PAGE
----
Italian tenor Antonello Palombi, as the Egyptian warrior Radamès, is the most famous operatic stand-in from recent memory. You can catch the story on YouTube: At Milan’s fabled La Scala, where opera is a blood sport, celebrity tenor Roberto Alagna was booed after his opening aria, “Celeste Aida.” Alagna raised an angry fist as he stormed off stage. The music never stopped, and his understudy, Palombi, in street clothes, picked up where the star left off.
Palombi received wild cheers at the end, and he joined Leonard Bernstein and Andre Watts, among many, as replacements who scored big when the pressure was on. Despite this worldwide burst of attention, however, Palombi’s career hasn’t much taken off. He remains a middle-tier tenor.
In Atlanta, the reasons were apparent. His voice is large and lovely, especially for Radamès’ many heroic, open-hydrant declarations of love. But his diction is sloppy — I couldn’t catch a single word of his Italian — and he seemed unable to sing any consonants. The result was a stream of undifferentiated tones, and you never had the sense that he was in control of his instrument.
With the romantic leads stumbling, mezzo Elizabeth Bishop, as Amneris, easily became the opera’s dominant voice. The clarity of her diction, the focus of her tone and her elegant sense of line made her Verdi interpretation a little closer to Rossini’s lean bel canto than Puccini’s succulent verissimo. I like my Verdi that way. Bishop’s anguish during Radamès’ judgment scene, in the final act, was a highlight of the evening, vocally and dramatically.
Baritone Mark Delavan sang an authoritative Flying Dutchman in Atlanta last season. He returned as Amonasro, Aida’s father and the King of Ethiopia, though he, too, seemed troubled in the throat Saturday night, as if he had a cold.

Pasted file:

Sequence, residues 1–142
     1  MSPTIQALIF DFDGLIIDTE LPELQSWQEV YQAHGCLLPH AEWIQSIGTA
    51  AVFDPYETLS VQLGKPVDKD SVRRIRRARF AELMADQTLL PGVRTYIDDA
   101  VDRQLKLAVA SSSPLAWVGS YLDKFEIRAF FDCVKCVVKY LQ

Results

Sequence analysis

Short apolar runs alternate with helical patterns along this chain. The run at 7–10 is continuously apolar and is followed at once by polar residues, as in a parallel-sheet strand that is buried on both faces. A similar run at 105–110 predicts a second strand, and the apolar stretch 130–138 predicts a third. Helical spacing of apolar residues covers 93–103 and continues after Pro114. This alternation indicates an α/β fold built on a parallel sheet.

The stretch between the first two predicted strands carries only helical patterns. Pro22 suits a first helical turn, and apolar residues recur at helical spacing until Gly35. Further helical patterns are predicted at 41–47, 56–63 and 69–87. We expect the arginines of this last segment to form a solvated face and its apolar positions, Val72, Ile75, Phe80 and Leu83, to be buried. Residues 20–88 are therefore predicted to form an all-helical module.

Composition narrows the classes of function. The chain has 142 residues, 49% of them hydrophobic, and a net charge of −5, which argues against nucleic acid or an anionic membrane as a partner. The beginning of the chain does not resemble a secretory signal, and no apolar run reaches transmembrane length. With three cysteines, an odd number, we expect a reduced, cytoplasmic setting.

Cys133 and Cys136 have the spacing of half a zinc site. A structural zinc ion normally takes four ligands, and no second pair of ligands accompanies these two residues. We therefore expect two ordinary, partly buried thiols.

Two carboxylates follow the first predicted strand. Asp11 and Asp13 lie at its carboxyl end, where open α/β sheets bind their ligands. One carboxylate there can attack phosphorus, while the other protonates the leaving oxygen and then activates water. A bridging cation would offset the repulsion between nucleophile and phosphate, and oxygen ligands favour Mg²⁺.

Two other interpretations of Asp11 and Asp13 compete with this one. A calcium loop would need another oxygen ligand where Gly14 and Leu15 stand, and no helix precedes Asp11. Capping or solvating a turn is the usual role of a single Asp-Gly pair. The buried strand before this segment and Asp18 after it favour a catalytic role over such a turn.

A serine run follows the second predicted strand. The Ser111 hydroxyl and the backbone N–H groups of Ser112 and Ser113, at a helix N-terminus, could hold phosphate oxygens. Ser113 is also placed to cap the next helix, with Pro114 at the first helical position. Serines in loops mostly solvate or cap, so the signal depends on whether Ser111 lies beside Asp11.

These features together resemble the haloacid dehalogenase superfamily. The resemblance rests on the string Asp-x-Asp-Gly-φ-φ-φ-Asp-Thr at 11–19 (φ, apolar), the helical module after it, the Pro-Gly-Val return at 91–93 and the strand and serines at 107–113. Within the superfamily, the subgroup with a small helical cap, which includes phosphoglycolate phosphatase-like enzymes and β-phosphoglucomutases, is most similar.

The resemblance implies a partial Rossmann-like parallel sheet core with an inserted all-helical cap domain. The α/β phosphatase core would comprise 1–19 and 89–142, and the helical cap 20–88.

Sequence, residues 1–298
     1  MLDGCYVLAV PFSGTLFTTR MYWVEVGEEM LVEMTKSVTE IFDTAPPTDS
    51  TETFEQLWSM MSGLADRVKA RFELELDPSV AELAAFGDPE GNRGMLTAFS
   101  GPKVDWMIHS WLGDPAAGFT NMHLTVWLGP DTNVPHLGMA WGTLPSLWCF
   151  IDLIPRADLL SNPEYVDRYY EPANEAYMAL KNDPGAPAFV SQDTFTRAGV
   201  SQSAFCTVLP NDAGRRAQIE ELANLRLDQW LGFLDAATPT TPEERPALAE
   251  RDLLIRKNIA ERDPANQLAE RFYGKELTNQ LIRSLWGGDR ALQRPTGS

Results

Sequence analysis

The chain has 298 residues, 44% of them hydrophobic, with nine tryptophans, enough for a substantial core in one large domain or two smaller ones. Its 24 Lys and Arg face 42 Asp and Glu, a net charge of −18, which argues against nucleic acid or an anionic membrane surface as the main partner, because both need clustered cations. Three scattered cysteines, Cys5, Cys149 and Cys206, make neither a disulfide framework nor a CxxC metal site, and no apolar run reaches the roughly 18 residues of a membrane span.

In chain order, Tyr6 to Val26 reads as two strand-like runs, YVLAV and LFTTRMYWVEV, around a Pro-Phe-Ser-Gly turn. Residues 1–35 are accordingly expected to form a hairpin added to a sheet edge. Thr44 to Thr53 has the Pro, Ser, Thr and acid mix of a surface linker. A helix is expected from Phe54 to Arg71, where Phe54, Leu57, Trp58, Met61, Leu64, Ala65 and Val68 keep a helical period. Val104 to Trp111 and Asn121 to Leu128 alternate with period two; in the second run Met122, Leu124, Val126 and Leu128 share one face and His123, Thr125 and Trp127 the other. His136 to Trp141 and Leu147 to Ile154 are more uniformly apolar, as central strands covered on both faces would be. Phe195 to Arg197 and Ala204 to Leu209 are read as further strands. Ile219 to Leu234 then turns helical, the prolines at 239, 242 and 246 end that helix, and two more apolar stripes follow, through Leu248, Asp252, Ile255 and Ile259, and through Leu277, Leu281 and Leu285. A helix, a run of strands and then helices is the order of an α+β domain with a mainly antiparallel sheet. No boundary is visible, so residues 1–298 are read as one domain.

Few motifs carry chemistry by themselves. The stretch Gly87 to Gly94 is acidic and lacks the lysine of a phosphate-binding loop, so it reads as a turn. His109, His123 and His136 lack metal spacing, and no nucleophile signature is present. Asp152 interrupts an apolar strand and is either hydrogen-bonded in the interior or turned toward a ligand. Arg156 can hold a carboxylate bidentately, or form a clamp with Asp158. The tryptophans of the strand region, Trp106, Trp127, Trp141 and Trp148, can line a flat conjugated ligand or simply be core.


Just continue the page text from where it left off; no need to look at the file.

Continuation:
Bass Morris Robinson, as Ramfis, gulped his syllables — and yet, in sound and presence, made an extremely imposing high priest. Robinson lives in Atlanta; for his curtain call he jumped out with a charming little hip-hop move, pointing at his hometown crowd, blowing kisses, returning the audience’s affection.
Atlanta rented this production, with stock stone-pillar sets, from the New Orleans Opera. A.T. Jones’ costumes evoked ancient-empire epics, from “The Ten Commandments” to “Caligula,” and would probably look better on a slimmer bunch of people. Rotund opera singers in faux Egyptian frocks exaggerate the kitsch factor.
I’ve been harsh on Yoel Levi for his Atlanta Opera conducting — leading the orchestra in emotionally coarse and anti-lyrical accompaniments for “Hansel and Gretel” (in 2007) and “The Elixir of Love” (earlier this season). I think of Levi for dazzling symphonic precision, not for the supple quality of breathing with singers — a fundamental that any capable opera conductor would do by instinct.
Well, his “Aida” is a fresh change. Levi responded with sympathy to the singers and brought intensity to the drama. The orchestra played well for him. True, he paced the Triumphal Scene — all those blazing trumpets and stentorian cries from the chorus — like a metronome, or a provincial bandmaster. But overall, Levi and company delivered a grand “Aida.”